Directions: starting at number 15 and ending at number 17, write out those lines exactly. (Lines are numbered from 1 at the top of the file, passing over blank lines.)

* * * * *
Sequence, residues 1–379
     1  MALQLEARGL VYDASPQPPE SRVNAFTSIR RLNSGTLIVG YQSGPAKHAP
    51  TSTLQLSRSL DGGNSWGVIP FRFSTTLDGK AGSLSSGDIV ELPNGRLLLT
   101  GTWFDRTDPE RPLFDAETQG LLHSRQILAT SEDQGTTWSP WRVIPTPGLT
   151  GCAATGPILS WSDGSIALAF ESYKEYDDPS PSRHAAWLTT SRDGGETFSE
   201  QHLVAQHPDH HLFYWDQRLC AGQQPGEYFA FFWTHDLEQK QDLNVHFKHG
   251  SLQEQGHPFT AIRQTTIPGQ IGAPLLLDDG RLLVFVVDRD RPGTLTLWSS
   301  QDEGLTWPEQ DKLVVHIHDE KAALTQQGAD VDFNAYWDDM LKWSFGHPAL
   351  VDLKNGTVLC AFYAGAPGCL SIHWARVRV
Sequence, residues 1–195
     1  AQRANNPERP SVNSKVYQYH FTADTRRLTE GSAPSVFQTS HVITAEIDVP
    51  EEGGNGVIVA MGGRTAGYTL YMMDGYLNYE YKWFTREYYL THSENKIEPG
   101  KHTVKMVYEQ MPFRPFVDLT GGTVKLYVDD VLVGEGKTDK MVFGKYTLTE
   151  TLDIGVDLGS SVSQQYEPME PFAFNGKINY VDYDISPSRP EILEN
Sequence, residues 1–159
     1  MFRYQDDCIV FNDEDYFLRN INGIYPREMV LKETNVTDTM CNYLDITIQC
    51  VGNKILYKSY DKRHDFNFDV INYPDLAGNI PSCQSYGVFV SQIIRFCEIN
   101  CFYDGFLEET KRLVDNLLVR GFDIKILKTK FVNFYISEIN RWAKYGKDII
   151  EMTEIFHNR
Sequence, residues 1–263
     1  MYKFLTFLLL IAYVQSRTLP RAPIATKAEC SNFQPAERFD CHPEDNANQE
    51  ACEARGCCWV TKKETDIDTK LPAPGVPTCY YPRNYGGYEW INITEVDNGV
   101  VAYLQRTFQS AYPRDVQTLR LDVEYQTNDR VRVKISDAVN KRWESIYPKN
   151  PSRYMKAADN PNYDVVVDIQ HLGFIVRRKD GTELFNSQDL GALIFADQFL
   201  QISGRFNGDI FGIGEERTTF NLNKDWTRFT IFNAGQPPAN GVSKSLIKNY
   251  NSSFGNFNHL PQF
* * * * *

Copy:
Sequence, residues 1–159
     1  MFRYQDDCIV FNDEDYFLRN INGIYPREMV LKETNVTDTM CNYLDITIQC
    51  VGNKILYKSY DKRHDFNFDV INYPDLAGNI PSCQSYGVFV SQIIRFCEIN